Eddie, however, was an unavoidable subject, and she was especially interested in his gunshot wounds because she remembered he had been bleeding in the hotel. Laura was so engrossed in the retelling of his final confrontation with Eddie that she visibly reacted to it; she would gasp whenever Eddie cursed and put her hands to her heart when James was shot again, causing him to stumble to the ground and scramble around for the shotgun. Laura's hands flew up to her mouth. James almost felt like laughing and telling her that obviously he lived through it because he was still here, but thought it would be more important to just go on with the story.

And so, after a last chance shot, Eddie finally collapsed with a frightening bellow of defeat, and died there on the cold floor of the meat locker, like an fairytale beast. The act of killing him triggered an odd thought.

“..So that's when I really started to think that Mary didn't die three years ago, which you confirmed when you told me how old you were later on..”

Laura's arm slowly snaked up his chest, and James tensed. Her fingers stopped at his collarbone, hooking onto his shirt and slowly pulling it down. Sure enough, a dark, purplish spot stared back at her, the skin surrounding it still looking puffed up and swollen, even after the time that had elapsed.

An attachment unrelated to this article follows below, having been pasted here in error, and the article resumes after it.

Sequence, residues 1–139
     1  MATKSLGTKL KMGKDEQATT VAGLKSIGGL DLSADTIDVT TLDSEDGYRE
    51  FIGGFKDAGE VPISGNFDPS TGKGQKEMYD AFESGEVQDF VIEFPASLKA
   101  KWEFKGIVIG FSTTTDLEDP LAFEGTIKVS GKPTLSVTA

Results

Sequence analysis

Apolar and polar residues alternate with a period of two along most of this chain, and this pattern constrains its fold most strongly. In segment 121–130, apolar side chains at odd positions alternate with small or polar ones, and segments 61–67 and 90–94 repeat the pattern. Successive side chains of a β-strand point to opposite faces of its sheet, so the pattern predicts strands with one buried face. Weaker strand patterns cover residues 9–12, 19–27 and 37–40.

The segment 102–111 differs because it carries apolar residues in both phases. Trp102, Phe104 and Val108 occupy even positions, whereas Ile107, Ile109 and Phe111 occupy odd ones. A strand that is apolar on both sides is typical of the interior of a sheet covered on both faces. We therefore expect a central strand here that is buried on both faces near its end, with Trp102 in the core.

“Which one of your arms was it?” she began rolling up his sleeves.

“Laura!” James grasped her wrist and placed it back on her lap. “Please keep your hands to yourself. If you wanted to see it, I could have shown you myself.”

She looked down. “Sorry.”

He sighed, and took off his jacket. Then he shimmied out of his baggy collared polo, leaving just a plain black Fruit of the Loom t-shirt underneath. Laura suppressed the urge to ask why he was still wearing layers in the spring time, and gaped at the discolored dimple on his left forearm, mere inches from his shoulder wound. “Almost thought I couldn't use this arm anymore, it was so painful to walk, to run around.”

The battle with the two Red Pyramids he had to skim past—at this point, she was so wierded out by his macabre tale she was almost too afraid to ask questions.

But it wasn't as if he could avoid her—the mysterious woman named Maria.

“But how could she look so much like Mary and not be Mary? Maybe it was a trick.”